Cancer hurts. Particularly when primary cancers spread to the spine and tumors develop. They can weaken vertebral bone, cause debilitating pain, impaired mobility and increased reliance on drug therapy.
All of this can sabotage chemotherapy or radiation therapies.
A company that's developed products based on Coblation therapy, ArthroCare (Austin, Texas) has had a year since FDA approval of its Cavity SpineWand, (Medical Device Daily, May 30, 2007) to get a feel for the real impact of its tool to rid cancer survivors of painful spine tumors. More than 400 patients have been treated to date.
"This is a palliative treatment," Jim Pacek, VP and general manager of ArthroCare's Interventional Therapies division told MDD. "We're not treating cancer. These patients they have metastatic disease. When it gets inside a vertebrae, it eats away the bone.
"The job of this device is to debulk the tumor and then follow up with cement procedure, stabilizing the fracture. The prospects of Coblation-based products specifically developed for metastatic lesions should help patients with their quality of life and with their continued treatment and care."
Some 30% to 70% of the more than half-million people who die annually of cancer have skeletal metastases, and 10% of the 700,000 vertebral compression fractures that occur each year are believed to be caused by metastatic spine tumors, according to the American Cancer Society (Atlanta).
Pacek explained that the 8-gauge and 11-gauge SpineWands are used in minimally invasive procedures. The SpineWand, featuring a "bouquet" of electrodes at the tip, is put down a cannula to access the inside of the vertebrae via a tiny incision during the outpatient procedure. Once inside, the device is attached to a controller.
"The electrodes," Pacek said, "are activated to form a micro-cloud of plasma that dissolves the tumor."
Coblation uses bipolar radio frequency to gently remove soft tissue at low temperatures, generally 40 degrees to 70 degrees Celsius.
"We enjoy a unique space in this market," Pacek said.
Another treatment for spine tumors is kyphoplasty, a technique developed by Kyphon (Sunnyvale, California), in which bone cement is injected directly into the fractured bone to stabilizes the fracture and provides immediate pain relief. "In kyphoplasty you displace tissue and where does it go? With our procedure, we are excavating tissue," Pacek said.
One of the patients treated with the SpineWand is Theresa Fox (Marlette, Michigan).
The 35-year-old, an active equestrian, was diagnosed with cervical cancer in 2005 and then was treated with chemotherapy. She went into remission for more than a year.
But in early 2007, she began experiencing back pain. Painkillers had little impact, which forced her to give up riding, and ultimately, her job. An MRI revealed that her cervical cancer had spread to her lung and spine, causing a spine tumor that had fractured her vertebrae.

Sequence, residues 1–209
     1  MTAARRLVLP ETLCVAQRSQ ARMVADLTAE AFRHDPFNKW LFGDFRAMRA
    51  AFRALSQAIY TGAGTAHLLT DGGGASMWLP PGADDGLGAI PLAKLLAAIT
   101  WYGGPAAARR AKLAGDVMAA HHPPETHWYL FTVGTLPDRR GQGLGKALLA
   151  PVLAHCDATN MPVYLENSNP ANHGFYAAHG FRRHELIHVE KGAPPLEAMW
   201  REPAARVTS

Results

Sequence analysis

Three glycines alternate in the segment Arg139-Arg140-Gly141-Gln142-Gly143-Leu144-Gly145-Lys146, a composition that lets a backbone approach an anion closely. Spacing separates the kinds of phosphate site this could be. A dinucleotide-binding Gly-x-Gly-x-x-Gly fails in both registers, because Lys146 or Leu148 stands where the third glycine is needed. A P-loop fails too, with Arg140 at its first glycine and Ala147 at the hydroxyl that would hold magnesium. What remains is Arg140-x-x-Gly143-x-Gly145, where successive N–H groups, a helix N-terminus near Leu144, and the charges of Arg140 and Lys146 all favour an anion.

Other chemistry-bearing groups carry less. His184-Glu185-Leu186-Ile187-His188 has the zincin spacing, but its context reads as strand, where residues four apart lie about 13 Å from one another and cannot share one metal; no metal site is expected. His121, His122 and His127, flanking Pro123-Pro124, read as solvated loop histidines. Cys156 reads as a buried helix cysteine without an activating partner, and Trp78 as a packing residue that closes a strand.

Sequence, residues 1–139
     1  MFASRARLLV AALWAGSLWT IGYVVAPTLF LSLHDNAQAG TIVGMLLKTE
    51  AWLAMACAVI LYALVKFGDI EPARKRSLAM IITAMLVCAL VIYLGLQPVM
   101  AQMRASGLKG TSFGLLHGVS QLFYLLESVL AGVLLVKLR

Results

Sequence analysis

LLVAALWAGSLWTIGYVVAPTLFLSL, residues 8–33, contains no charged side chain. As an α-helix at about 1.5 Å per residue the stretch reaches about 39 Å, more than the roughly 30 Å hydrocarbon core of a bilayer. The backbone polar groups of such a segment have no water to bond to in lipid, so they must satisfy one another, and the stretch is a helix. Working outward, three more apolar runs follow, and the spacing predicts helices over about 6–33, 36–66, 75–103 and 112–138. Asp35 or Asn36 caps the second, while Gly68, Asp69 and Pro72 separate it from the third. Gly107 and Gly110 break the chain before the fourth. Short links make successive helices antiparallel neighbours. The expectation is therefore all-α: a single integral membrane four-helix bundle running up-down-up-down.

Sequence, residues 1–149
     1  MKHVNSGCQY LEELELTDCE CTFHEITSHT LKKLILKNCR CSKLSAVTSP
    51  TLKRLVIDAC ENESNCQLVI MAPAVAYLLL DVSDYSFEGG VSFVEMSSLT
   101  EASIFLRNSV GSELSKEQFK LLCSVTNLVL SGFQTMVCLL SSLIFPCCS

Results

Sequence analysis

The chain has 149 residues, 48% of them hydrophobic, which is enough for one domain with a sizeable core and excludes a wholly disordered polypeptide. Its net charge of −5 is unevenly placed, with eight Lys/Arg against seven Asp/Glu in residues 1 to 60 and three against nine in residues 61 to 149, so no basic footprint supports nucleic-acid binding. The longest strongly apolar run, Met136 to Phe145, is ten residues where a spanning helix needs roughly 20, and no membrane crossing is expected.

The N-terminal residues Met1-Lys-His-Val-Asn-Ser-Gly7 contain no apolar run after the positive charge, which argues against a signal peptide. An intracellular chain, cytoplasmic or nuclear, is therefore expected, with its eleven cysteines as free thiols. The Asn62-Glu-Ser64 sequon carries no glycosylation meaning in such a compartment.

Later in the year Fox was treated using the Cavity SpineWand, followed by vertebroplasty performed by Bhrat Mehta, MD, interventional radiologist at Hurley Medical Center (Flint, Michigan). After treatment, she was able to return home the following day and reduce her usage of pain killers within a week.
"This was the easiest procedure for me that I have gone through," Fox said, "and was able to do so much that, within a week, I was able to sleep through the night in my own bed."
Typically, vertebral compression fractures (VCF) are diagnosed only after a person seeks medical help for pain relief or after a fall. Patients who experience a VCF as a result of a spinal tumor may think the associated pain is due to the cancer itself or its treatment rather than a fracture and may not seek diagnosis or treatment.
"We don't take anything off the table in terms of cancer treatment," Pacek said. "All of the traditional therapies are still an option for the patient. We do think sometimes sequencing our therapy before radiation or chemotherapy works best. We've had reports from oncologists who say that by doing the treatment earlier in care, they have a patient in less pain and they can lay flat on table and be in greater comfort for cancer therapies."
Given its initial success, ArthroCare has initiated a program to focus Coblation technology to treat patients suffering from metastatic disease in other major weight-bearing, structural bones, such as the pelvis and femur and when fractured, complicate treatment options for patients with cancer.
It is estimated that 500,000 patients with metastatic disease will develop lesions in structural bones that may benefit from treatment. Traditional treatment options for these patients include radiation, chemotherapy and reconstructive surgery which in late stages can include amputation.
"Next, we will go through the regulatory pathways to get approval outside the vertebrae," Pacek said of the $2,400 SpineWand.
SpineWand is already approved in Europe, Australia, Central and South America, New Zealand and Singapore.
(Editor's note: Less happy developments for Arthrocare appear in today's Court report column, p. 5.)